Skip to main content

Heathrow Airport Departures Hacked

kiosk in more hacked airport

The Heathrow Airport of London is considered one of the most secure international airport of the world but nevertheless it has been hacked.

Recently the increasing terrorist threats, that make it an high risk target, brought to make more strict the security policy in force, with very accurate check-in procedures and continuous vigilance within the whole airports perimeter. In fact the level of attention for what concerns the physical security is sufficiently high, not the same seems to be for the information structures and IT security, as for instance at the Heathrow Airport Departures (but the same is valid for the Heathrow Terminals International Arrivals) few kiosks were been hacked.

One of our users has lately found something very interesting about that, in particular about the kiosks in airport, just like a hacked airport game, airport madness at the kiosk, customers data and privacy data were affected by a 0-day vulnerability.

Recently Honest (this is the nick of our affectionate user) has discovered (at London Heathrow Terminal 5) by a chance that the information/internet system used by customers of the London airport is not so safe, but easily vulnerable to hacker attacks (in the literally meaning, not in the overused and misinterpreted media one). Let's start from the beginning.

Few days ago Honest contacts me to ask if we'd be interested to public an article on what he defines a real "scoop" about Heathrow Airport Terminals IT security. One more hacked airport.

Obviously this raised my curiosity and so Honest starts to tell me how he has found just for chance that some of the pc of Heathrow are highly exposed to external breach's risks. In fact, he keep saying, on these pc (that are most probably installed by external providers in free concession) anyone could conduct different type of digital attacks that aim to take the machine's control and turn it in a internet bot or a bridge, with a serious information security risk for whom used that machine and left sensitive data on it.

These computers are, indeed, dedicated to the customers use to surf paying through credit card. It's easy to think, thou, that every user would inset the personal credit card code, log in an email account, digit password and so on; sensitive data that, as the machine's low protection, would be easily grabbed and used for wrongful scopes. Honest assures to be able to provide the necessary acknowledgement to demonstrate what he said about the "hacked airport games" at the kiosk in airport.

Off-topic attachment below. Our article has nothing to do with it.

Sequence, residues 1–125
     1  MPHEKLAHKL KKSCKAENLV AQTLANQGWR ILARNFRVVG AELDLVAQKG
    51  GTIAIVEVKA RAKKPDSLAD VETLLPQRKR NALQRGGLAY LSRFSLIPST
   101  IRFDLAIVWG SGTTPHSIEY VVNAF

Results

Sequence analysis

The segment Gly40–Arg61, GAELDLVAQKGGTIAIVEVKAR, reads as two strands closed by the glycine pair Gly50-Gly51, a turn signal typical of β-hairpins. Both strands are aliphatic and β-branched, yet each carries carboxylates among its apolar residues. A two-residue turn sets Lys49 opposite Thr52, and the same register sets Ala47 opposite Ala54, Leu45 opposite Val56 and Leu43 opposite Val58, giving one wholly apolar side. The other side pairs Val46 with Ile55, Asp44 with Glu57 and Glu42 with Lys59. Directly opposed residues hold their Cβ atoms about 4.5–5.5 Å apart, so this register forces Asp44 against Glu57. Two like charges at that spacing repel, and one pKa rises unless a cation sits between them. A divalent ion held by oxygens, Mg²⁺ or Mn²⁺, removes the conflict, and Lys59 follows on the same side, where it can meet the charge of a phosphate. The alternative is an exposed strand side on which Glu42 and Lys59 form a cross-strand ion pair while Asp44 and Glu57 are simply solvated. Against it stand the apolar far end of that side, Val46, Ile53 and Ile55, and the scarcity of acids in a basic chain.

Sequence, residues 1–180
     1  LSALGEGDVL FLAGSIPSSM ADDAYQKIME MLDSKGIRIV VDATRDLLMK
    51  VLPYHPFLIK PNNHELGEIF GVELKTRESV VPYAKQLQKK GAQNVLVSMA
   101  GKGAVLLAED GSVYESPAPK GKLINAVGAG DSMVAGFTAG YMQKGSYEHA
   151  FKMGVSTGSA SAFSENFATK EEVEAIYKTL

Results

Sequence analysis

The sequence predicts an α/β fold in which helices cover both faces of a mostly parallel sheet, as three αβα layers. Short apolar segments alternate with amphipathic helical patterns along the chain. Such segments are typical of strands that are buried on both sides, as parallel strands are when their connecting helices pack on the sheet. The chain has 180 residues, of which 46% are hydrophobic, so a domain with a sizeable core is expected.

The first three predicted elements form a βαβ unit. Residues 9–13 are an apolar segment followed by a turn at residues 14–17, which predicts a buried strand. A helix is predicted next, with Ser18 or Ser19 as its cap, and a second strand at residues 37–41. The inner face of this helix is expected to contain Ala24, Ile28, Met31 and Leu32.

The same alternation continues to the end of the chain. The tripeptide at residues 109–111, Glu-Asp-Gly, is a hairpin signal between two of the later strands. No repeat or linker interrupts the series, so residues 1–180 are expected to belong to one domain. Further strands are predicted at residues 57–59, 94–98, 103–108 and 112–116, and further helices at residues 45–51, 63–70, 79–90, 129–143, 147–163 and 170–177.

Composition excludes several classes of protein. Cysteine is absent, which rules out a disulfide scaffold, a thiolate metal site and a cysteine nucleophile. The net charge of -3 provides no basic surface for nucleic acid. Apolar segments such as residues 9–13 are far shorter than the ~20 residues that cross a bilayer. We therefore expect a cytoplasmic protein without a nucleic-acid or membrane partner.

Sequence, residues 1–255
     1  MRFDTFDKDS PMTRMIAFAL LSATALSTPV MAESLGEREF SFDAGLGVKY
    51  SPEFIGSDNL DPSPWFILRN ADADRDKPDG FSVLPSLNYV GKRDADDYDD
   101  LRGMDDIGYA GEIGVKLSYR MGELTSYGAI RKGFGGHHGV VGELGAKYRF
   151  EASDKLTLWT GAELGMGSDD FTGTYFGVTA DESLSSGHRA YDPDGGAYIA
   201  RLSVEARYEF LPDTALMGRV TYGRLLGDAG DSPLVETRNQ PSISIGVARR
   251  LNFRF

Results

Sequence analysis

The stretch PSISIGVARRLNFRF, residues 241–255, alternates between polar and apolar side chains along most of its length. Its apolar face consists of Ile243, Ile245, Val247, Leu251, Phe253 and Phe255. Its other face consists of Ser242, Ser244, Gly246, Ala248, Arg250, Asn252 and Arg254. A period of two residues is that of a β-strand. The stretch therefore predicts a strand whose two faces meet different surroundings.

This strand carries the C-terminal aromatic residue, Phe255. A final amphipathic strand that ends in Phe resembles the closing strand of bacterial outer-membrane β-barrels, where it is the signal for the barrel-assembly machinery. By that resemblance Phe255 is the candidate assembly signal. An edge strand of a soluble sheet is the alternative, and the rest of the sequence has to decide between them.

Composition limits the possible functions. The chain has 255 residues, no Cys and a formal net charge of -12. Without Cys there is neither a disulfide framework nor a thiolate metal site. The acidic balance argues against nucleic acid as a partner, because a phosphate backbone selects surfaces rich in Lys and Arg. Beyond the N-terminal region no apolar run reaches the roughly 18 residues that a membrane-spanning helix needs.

Granted that I don't know personally Honest and, before this occasion, we have never been in touch. About him I know just what he has told of himself: Honest is italian and works in the IT security field.

For this reason I didn't consider immediately reliable his information, or at least give myself the benefit of the doubt, asking to our "sneak" for more details. Therefore Honest gives me the link of an image on a foreign server that represents a incriminated machine's screenshot; clearly this is not sufficient to give plain credit to his story, that still needs a due check.

But in the deep, how does Honest discover this information leak of the system of one of the most important airport in the world? In the barest way,let's say: Honest, transiting in the london hub, decides to use one of the computer to surf and perchance gets access to a window of Internet Explorer, simply because the software generates an unexpected pop-up after an error, bypassing in this way the dedicated portal that it's supposed to inhibit the execution of the other programs of the pc.

By that the Honest's curiosity takes soon the upper hand: he starts to verify a set of conditions; at the end of his "exploration" he is totally surprised by the exposition level of a machine that can potentially cause a big damage to the information security of London's Heathrow airport.